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to receive global energy prize
James E. Kloeppel, Physical Sciences Editor
(217) 244-1073; firstname.lastname@example.org
by Bill Wiegand
Holonyak Jr., a John Bardeen Professor of Electrical and Computer
Engineering and Physics at the University of Illinois at Urbana-Champaign,
has been selected as a 2003 recipient of the Global Energy
Prize from Russia.
Ill. — Nick Holonyak Jr., a John Bardeen Professor of Electrical
and Computer Engineering and Physics at the University of Illinois
at Urbana-Champaign, has been selected as a 2003 recipient of the Global
Energy Prize from Russia. He shares the $900,000 prize with Gennady
Mesiats of the Russian Academy of Sciences and Yan Douglas Smith of
Titan Pulse Sciences Division.
The award recognizes Holonyak for his "contribution to the development
of power silicon electronics and invention of the first semiconducting
light-emitting diodes in a visible part of the spectrum." This
work helped to create efficient, energy-saving technologies.
The son of Slavic immigrants who settled in Southern Illinois, Holonyak
earned his bachelor’s degree in 1950, his master’s in 1951,
and his doctorate in 1954, all in electrical engineering from Illinois.
Holonyak was the first graduate student of two-time Nobel laureate John
Bardeen, an Illinois professor who invented the transistor. An early
researcher in semiconductor electronics, Holonyak gained eminence through
his numerous inventions and contributions to advances in semiconductor
materials and devices.
Before joining the Illinois faculty in 1963, Holonyak worked for Bell
Telephone Labs, where he helped develop silicon-diffused transistor
technology. Several years later, while at General Electric, he invented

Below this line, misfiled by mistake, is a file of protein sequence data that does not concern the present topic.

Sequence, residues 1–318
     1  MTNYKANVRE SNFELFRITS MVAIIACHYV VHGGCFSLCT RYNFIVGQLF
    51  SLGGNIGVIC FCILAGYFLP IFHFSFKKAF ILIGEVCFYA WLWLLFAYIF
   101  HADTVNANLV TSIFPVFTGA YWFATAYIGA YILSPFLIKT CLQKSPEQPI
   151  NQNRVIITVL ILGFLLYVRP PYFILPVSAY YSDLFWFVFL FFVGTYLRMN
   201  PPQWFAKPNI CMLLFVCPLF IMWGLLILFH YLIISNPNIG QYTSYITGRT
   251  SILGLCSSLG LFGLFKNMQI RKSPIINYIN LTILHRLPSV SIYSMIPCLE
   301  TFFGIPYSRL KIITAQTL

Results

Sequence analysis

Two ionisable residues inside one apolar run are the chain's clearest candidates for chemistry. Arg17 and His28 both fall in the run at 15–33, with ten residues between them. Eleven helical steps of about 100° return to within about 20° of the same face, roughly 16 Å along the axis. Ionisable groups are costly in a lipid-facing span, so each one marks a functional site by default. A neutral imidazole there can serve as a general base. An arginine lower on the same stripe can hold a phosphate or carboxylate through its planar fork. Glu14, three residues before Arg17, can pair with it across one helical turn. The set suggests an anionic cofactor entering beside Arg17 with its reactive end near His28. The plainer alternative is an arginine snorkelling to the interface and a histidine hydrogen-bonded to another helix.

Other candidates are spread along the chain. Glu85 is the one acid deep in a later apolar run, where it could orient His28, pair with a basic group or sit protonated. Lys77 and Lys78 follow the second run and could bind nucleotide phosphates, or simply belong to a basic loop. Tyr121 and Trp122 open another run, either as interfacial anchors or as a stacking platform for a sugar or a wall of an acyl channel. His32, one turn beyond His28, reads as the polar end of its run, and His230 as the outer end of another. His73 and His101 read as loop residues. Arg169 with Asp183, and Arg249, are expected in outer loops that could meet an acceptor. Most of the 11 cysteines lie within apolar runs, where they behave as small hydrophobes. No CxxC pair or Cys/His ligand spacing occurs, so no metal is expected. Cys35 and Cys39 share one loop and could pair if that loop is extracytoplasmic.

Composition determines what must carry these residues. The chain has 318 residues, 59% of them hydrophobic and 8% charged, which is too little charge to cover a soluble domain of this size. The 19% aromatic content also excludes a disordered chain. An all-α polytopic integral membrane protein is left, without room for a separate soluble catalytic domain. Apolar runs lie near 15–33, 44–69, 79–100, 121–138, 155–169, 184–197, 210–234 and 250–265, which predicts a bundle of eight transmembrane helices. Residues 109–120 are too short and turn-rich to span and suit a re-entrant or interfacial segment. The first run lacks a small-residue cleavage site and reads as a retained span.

the first practical light-emitting diode and the first semiconductor
laser to operate in the visible spectrum. He also developed the first
electronic devices in III-V compound semiconductor alloys (III and V
referring to places in the periodic table of the elements), and is the
inventor of the basic silicon device used in household light-dimmer
At Illinois, Holonyak and his students demonstrated the first quantum-well
laser, creating a practical laser for fiber-optic communications, compact
disc players, medical diagnosis, surgery, ophthalmology and many other
In the early 1980s, his group introduced impurity-induced layer disordering,
which converts layers of a semiconductor structure into an alloy that
has important electronic properties. In one use, this discovery solved
the problem of a laser’s low reliability. Such lasers exhibit
enhanced performance and durability, making them ideal for DVD players
and other optical storage equipment.
During the last decade, Holonyak and his students invented a process
that enables the formation of high-quality oxide layers on any aluminum-bearing
III-V compound semiconductor. The oxide process has had a major impact
on vertical-cavity surface emitting lasers, making them practical for
such applications as optical and data communications. His more recent
research focuses on coupling quantum-dot lasers to quantum-well lasers.
Among Holonyak’s many awards are the Institute of Electrical and
Electronics Engineers Medal of Honor (2003), the Frederic Ives Medal
of the Optical Society of America (2001), the Japan Prize (1995), the
National Academy of Sciences’ Award for the Industrial Application
of Science (1993), the Optical Society’s Charles Hard Townes Award
(1992) and the U.S. National Medal of Science (1990). He is a member
of the National Academy of Engineering and of the National Academy of
Sciences, and a fellow of the American Academy of Arts and Sciences,
the American Physical Society, the IEEE, the Optical Society of America
and is a foreign member of the Russian Academy of Sciences. Seven of
his 60 doctoral students are members of the National Academy of Engineering.
Russian President Vladimir Putin will present the awards in St. Petersburg
on June 15.